Hawaii Bill Would Allow State’s Banks to Provide Crypto Custody

 

 

 

 

 

Hawaii’s Senate is now considering a new bill that would allow the state’s banks to provide digital asset custody services. The bill was introduced a week ago, received its first reading on January 21, and has now been referred to two committees: Consumer Protection and Health, and Judiciary and Commerce.

The bill, introduced with the backing of five state senators, defines custodial services and establishes the requirements for banks that want to provide those services to their customers. Those services include management of customer digital assets, fund administration, and executing instructions from customers.

To qualify, banks will need to meet standards for internal controls, accounting, and IT best practices. In addition, they will need to ensure that their custody and management of digital assets can comply with all relevant anti-money laundering and KYC standards.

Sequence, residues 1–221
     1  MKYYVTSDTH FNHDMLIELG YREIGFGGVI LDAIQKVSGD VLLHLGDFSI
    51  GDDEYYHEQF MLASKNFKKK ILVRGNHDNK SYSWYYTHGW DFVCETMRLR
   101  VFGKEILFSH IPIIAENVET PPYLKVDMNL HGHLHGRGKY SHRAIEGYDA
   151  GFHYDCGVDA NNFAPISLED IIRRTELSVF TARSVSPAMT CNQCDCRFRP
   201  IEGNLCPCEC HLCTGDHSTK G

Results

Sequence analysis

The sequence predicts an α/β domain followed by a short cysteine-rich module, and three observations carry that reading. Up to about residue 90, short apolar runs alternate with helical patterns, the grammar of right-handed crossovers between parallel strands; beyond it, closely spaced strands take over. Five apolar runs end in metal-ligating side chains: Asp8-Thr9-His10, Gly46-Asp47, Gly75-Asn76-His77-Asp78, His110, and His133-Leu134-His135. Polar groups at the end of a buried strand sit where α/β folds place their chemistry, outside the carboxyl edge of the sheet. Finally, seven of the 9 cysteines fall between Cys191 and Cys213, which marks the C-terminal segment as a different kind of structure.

The bill is also notable for its attempt to provide a more uniform legal status for the assets in question. If passed, it will classify cryptocurrencies and other digital assets under the terms of the Uniform Commercial Code, with subclassification as digital securities, virtual currencies, or digital consumer assets.

The proposed legislation also includes language dealing with smart contracts, authorizing courts to deal with cases involving digital currencies, and more.

Author: Ken Chase

Freelance writer whose interests include topics ranging from technology and finance to politics, fitness, and all things canine. Aspiring polymath, semi-professional skeptic, and passionate advocate for the judicious use of the Oxford comma.

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